JEFFERSONVILLE — Three months after fire destroyed a commercial building on a highly visible downtown Jeffersonville corner, its owner is ready to start rebuilding.
Fire broke out around 2:30 p.m. Dec. 20 at a two-story building at Court Avenue and Spring Street, which at the time housed 11 commercial tenants. No one was injured, but at one point as many as 30 firefighters were on scene. It took four hours to contain the blaze.
Louisville-based owner Bob McAuliffe, who’s had the building since 1983, said he’s now trying to finalize details with his insurance company and expects to have the building, which is a total loss, razed within two months. But, he and his son, Brendan, who manages the property, already have designs on what could be there next.
In an informal meeting last week with city officials, the two presented preliminary plans for a roughly 16,000-square-foot modern office building to be constructed on nearly the same foundational footprint as the current one, which was built in the early 1970s.
McAuliffe said they just wanted to get a general idea of the reaction to know if they were heading in the right direction. They have submitted an application to the Jeffersonville board of Planning and Zoning and will be finishing paperwork for the historic commission.
The owner said he wanted to stay and rebuild “in part, because we have so much history here and we feel that there is a need for an office building at this location that can provide services to the smaller tenants,” he said, adding that over the past four decades “we had the building mostly occupied and it stayed that way. We think that’s been successful so why change that?”
Working with Donhoff Kargl Nall Architects (DKN) of Louisville, the team has come up with a concept that could house up to 14 tenants, in spaces of 800 square feet or more. Large windows on each side would take advantage of natural light, and the ceilings would be higher, with an overall more modern aesthetic, McAuliffe said.
“The first thing we did was just research Jeffersonville and went up and down the local historic area to see what was here and then we started to do some research on other buildings in other communities,” McAuliffe said. “We wanted something that would have historical elements in it...masonry, materials, a good rhythm proportion to it, and pretty much in the exact same position that that building is.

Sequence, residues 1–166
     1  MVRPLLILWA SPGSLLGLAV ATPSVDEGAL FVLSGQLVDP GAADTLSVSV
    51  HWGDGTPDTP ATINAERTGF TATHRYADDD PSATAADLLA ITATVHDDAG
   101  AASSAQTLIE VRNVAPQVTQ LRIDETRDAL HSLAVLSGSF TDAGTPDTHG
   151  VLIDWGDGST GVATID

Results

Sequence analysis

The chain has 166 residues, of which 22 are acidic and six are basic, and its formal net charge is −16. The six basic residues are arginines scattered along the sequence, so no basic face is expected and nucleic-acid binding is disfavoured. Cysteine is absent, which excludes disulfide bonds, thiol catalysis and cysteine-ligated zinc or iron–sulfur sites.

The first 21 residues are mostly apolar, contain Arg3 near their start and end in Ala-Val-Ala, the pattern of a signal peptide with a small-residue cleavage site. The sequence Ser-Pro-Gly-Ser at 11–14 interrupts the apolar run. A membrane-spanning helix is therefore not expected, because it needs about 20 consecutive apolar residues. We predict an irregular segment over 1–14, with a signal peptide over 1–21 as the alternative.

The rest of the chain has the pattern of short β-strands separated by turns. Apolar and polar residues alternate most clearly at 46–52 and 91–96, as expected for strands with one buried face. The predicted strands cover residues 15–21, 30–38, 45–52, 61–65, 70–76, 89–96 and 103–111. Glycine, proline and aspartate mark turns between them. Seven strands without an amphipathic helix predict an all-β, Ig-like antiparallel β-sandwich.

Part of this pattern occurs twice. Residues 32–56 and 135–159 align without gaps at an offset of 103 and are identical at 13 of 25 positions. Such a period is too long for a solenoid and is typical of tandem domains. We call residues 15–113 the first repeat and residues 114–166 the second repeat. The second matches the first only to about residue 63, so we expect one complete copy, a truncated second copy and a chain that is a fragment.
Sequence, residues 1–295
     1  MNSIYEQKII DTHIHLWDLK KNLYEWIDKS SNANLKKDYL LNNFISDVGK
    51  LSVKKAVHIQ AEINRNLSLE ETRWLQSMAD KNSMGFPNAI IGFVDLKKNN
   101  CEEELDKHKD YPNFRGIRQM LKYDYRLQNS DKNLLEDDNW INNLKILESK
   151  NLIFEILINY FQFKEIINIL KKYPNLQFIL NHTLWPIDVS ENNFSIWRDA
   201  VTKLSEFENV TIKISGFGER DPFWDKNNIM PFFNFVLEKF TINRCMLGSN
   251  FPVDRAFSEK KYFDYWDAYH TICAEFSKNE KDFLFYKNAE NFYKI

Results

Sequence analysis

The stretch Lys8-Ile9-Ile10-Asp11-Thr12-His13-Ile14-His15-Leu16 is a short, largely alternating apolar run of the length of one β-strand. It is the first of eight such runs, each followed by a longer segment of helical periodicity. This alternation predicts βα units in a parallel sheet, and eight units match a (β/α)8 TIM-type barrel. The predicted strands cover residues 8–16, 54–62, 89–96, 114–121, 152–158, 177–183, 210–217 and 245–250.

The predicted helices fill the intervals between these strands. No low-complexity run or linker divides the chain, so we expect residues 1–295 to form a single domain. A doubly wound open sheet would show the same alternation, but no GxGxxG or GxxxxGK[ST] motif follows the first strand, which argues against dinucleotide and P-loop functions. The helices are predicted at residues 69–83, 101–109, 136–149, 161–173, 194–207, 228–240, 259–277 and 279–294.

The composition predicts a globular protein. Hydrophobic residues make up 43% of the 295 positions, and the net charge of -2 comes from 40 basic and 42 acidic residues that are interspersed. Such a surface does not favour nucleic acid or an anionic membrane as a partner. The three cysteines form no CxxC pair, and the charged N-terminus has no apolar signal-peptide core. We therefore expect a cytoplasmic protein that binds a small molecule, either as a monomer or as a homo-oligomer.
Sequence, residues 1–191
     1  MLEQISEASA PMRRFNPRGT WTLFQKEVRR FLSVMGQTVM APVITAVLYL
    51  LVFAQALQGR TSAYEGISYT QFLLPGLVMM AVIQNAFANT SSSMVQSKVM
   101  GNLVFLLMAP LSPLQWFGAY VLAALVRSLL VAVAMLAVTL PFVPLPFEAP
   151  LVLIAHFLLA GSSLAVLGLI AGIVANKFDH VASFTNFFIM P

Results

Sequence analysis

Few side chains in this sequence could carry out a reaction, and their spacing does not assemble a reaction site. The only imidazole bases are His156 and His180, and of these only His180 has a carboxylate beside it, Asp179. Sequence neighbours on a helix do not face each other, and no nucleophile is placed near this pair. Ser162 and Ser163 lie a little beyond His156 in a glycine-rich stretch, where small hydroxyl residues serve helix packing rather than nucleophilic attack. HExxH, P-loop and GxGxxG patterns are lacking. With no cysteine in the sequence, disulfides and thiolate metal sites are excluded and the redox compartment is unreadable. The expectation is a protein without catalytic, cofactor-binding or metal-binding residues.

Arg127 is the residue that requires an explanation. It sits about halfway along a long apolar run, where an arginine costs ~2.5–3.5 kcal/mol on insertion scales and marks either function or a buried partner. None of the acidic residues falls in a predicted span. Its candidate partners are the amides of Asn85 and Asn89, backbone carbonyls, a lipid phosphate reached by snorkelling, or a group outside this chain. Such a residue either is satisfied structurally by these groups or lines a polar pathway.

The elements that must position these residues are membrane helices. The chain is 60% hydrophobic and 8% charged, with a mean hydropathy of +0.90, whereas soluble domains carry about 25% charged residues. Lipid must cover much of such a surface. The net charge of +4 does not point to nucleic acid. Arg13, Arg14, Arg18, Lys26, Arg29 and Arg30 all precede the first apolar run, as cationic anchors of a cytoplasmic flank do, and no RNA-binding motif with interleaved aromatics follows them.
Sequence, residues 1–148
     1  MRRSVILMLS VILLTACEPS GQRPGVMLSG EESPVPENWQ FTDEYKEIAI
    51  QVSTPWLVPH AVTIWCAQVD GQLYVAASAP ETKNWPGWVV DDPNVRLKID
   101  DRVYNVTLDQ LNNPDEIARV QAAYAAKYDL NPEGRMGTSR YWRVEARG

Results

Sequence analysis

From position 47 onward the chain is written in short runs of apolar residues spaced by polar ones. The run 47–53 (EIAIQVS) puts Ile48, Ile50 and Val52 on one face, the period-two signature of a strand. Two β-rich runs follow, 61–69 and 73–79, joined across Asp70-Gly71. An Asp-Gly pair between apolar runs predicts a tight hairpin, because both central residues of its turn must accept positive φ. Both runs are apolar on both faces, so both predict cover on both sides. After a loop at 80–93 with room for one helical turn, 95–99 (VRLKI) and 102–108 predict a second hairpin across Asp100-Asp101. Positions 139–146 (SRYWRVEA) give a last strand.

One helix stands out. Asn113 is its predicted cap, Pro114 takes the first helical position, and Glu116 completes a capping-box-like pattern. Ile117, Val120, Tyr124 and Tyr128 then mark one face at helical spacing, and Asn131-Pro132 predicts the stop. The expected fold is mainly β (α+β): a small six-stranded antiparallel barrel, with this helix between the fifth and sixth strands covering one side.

“We came up with these proportions working with DKN and we think it’s a home run with the aesthetics.”
Jeffersonville Mayor Mike Moore said he was “extremely impressed” with the initial ideas presented last week at the informal meeting. “It’s one of the more iconic corners of the city with a beautiful setting with the park across the street and the historic buildings across from it.
“The renderings are beautiful, a lot of glass, really able to capture the skyline of Louisville and the beauty of downtown Jeff with all the windows.
“It’s a perfect fit and really high-quality office space which is a perfect blend for everything else we’ve got going in the downtown area.”
Moore said he’s had interest from other developers, but is glad to see McAuliffe taking the reins to rebuild the spot.
“Here’s a longtime investor in the city of Jeff who wants to rebuild and his son is following in his footsteps and a part of the project as well,” Moore said.
“He won’t have any trouble finding occupants for that. It’s a good fit. We’ve had a lot of luck drawing in restaurants and other businesses but you always have to keep in mind ‘what do all those restaurants need?’ They need customers so when you’re putting office staff down there, you’re feeding right into everything else that’s going to grow from that.”
McAuliffe has quotes on razing the existing building, which includes asbestos mitigation for the non-friable type of asbestos found in the exterior shingles. He’ll then need to file permits for removing the structure. In the meantime, he’ll be moving forward with getting the new project off the ground.
“If everything works out financially, we would want to get back onto it as quickly as possible,” he said. “But we think ultimately it’s a 10- to 12-month project.”